Don’t get us wrong…we’re not going all Grinch on the Yuletide tradition. We love receiving cards. But the 19th Century concept of Christmas cards takes the 21st Century family a lot of time and money to pull it off.
It all starts with trying to figure out what kind of Christmas card your family will send out and if it includes a picture and if a family update letter will be inserted too. Then, find the color-coordinated clothes for everyone in the family (which usually includes a shopping trip or two). Arrange the photo session. Take the pictures (hoping just one turns out making everyone look somewhat decent). Choose the right card. Order the photos and cards. Write out the Christmas letter. Print out the Christmas letter. Pick up the photos. Crosscheck mailing list for correct addresses. Email friends for their correct addresses. Address the envelopes. Assemble the cards, photos and letter. Stamp the envelopes. Mail the Christmas cards. Whew!
In addition to being a bit of a time-suck, Christmas cards cut into Santa’s shrinking present’s budget. Depending on how many you send out, the cards (including postage) can end up costing $1.00 to $5.00 each.
According to the Los Angeles Times, the popular trend of mailing wishes for a Merry Christmas and Happy New Year is beginning to fade. “The rise of social networking, smart phones and Apple iPads is changing the way friends and family stay in touch, diminishing the Christmas card’s long-standing role as the annual social bulletin.”
So, how can you use the world’s most popular social network to send well wishes during the world’s most popular holiday season?
Here’s five ways to use Facebook instead of sending out Christmas cards.
1) Notes – Write a Christmas letter that will be enjoyed by people all year long (and for years to come). Use Facebook Notes to write it and post it. You can even post your family photo on there too. And you can tag certain people in it too. If you plan on posting the “letter” onto your family blog, be sure to import it into your Facebook Notes. This allows you to just post it once, multiple times, or share it directly with your Facebook family and friends.
2) Inbox – A lot of people email Christmas greetings to their friends. Use the Facebook Inbox to send your holiday greetings to your Facebook friends and you don’t ever have to worry about it being an undeliverable message, getting caught in their spam filter, or being sent to the wrong email address. Besides, this ensures people notice your holiday greetings instead of hoping they discover it through the junk messages in their email inbox or the junk mail in their regular mailbox.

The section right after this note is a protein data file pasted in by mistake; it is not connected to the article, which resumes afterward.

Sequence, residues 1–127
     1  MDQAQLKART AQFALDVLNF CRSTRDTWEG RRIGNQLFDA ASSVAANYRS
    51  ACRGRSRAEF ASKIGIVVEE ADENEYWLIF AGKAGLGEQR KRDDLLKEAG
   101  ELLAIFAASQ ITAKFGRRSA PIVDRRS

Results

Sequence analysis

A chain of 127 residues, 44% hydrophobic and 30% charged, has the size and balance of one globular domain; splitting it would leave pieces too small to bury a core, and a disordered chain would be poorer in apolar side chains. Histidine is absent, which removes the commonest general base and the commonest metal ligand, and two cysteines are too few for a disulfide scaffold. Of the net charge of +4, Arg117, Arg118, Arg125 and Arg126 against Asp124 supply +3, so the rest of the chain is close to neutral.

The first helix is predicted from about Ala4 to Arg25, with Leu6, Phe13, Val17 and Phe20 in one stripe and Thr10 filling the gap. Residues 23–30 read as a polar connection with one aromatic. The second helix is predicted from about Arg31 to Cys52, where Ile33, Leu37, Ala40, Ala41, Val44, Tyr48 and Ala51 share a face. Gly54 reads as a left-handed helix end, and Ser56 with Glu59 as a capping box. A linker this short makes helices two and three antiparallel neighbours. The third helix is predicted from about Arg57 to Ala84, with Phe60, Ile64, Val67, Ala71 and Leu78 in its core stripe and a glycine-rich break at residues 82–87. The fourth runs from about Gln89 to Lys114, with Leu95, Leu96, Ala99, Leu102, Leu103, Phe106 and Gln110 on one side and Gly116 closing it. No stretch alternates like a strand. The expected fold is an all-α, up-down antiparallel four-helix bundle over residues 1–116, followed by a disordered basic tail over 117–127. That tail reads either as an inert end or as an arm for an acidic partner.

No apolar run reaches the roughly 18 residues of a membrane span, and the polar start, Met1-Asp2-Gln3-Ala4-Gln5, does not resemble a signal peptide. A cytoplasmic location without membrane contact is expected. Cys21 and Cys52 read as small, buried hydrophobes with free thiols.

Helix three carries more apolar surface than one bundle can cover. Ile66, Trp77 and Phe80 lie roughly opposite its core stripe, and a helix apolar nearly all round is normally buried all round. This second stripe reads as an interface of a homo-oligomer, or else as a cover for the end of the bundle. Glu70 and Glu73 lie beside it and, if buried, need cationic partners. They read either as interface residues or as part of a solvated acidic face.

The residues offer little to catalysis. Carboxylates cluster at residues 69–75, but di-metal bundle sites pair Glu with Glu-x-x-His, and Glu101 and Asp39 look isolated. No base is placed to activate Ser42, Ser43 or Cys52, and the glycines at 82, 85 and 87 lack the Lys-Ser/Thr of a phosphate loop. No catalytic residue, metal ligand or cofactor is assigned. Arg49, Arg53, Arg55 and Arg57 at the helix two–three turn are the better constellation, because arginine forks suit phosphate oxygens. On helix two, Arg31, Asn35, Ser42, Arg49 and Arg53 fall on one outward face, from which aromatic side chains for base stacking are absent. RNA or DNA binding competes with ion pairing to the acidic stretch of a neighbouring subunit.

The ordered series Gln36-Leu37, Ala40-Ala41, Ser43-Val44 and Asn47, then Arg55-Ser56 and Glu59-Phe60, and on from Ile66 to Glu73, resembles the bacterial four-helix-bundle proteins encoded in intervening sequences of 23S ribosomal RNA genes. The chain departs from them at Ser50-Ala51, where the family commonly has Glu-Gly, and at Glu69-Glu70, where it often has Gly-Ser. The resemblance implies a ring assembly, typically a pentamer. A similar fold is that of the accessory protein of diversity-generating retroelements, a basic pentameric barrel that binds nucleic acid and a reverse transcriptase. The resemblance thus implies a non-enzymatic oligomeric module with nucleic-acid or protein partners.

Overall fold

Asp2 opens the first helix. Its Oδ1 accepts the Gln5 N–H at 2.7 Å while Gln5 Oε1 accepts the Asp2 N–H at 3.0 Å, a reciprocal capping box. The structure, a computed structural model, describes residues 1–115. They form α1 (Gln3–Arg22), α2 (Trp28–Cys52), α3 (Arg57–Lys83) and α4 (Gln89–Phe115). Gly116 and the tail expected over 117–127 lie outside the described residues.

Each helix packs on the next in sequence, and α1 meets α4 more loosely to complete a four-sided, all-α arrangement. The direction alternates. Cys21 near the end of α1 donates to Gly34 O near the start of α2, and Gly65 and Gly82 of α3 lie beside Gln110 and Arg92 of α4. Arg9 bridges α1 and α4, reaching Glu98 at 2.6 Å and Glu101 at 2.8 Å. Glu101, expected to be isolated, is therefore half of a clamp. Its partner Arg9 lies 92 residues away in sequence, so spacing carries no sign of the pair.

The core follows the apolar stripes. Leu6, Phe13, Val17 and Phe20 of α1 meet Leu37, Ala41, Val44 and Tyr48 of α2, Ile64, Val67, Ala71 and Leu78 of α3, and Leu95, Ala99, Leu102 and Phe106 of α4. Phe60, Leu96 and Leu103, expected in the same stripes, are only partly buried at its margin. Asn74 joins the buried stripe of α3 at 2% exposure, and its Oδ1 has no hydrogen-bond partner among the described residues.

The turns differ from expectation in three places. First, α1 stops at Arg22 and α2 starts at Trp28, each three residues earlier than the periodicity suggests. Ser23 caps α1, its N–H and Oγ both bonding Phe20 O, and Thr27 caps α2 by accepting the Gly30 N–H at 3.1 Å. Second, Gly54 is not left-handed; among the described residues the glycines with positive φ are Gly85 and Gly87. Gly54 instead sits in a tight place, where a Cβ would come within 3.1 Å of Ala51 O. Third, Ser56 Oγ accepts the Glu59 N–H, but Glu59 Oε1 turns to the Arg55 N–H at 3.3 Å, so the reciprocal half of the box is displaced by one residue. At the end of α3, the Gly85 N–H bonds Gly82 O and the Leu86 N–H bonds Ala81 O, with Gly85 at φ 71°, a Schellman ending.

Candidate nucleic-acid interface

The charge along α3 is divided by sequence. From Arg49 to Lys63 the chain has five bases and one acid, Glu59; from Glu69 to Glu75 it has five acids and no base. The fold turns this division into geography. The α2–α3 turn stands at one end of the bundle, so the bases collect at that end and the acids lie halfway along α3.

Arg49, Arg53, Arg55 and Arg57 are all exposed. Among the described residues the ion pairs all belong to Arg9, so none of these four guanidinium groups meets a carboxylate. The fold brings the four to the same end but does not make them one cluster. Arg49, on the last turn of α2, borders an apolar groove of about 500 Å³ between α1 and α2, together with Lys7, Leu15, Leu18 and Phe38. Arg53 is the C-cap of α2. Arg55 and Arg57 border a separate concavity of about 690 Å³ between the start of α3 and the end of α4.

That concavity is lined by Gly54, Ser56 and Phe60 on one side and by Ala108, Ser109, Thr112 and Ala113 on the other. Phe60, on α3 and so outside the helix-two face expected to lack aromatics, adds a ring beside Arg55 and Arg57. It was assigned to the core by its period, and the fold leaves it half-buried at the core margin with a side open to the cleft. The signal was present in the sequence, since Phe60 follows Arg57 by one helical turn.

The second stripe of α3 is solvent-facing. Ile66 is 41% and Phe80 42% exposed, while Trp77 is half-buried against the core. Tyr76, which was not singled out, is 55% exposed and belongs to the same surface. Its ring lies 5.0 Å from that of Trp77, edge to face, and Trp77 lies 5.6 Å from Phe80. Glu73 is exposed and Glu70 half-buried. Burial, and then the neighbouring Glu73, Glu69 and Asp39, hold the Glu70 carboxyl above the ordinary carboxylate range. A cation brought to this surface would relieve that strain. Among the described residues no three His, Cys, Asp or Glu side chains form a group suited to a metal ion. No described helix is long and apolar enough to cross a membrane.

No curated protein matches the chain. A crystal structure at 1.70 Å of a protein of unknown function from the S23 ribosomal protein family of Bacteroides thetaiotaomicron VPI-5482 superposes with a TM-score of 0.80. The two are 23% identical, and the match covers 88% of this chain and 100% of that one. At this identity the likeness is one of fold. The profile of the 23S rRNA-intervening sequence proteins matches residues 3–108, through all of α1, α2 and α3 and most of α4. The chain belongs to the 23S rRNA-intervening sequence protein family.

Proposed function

3) Timeline Post – Give that personal touch to your Facebook friends by posting a Christmas greeting on their Timeline. Posting a message that shows up on a person’s Profile Page will undoubtedly get their attention…and gratitude. But be sure to not just copy-n-paste messages onto all your friends’ Timelines. Your “personal” Timeline posting will show up on your other friend’s News Feeds. And even though there are only so many ways you can say, “Merry Christmas and Happy New Year”, add something personal, otherwise it comes across spammish and impersonal.
4) Status Update – If time gets the best of you that you can’t do the ideas listed above, be sure to write at least one (if not several) holiday greeting in your Status Update. In fact, this enables you to share greetings for all the holidays in December when they happen: Christmas, Hanukkah, Boxing Day, Kwanzaa, First Day of Winter, and New Year’s Day to name a few. With Facebook recently lifting the character limit on updates to a mere 60,000 or more, write to your hearts content!
5) Comments – This carries with it the modern tradition of sending Christmas cards to those who send them to you. Comment on the Status Updates of people who spread holiday greetings to their mass of friends. Or at the very least, Like it. They’ll take notice, guaranteed.
So while some will miss placing your traditional Christmas card on their mantle, or in their Christmas card holder, or into their recycler, by shifting your Christmas greetings to Facebook, the exchange of holiday pleasantries will be momentarily remembered when they log into Facebook and forever captured in the Friendship log. That’s a longer lasting record then Santa’s Naughty or Nice List.
Share what’s on your mind!
What do you think about ditching hard-copy Christmas cards for online Holiday greetings? Do you have other online ideas to share?
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Copyright © 2011 K. Jason and Kelli Krafsky – Permission granted to use and reproduce with proper source citation.